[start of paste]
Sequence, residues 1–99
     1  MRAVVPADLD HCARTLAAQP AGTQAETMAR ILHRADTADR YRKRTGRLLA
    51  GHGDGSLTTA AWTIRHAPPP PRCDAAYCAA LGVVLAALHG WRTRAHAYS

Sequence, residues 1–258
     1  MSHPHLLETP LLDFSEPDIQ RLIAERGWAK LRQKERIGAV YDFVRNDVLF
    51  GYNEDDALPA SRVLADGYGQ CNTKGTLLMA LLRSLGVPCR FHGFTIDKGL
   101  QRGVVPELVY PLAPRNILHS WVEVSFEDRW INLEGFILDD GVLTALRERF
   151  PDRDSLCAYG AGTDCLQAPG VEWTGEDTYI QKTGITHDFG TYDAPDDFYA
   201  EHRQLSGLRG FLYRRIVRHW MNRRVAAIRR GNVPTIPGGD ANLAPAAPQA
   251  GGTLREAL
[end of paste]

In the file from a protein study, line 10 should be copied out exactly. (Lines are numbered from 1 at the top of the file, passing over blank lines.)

   251  GGTLREAL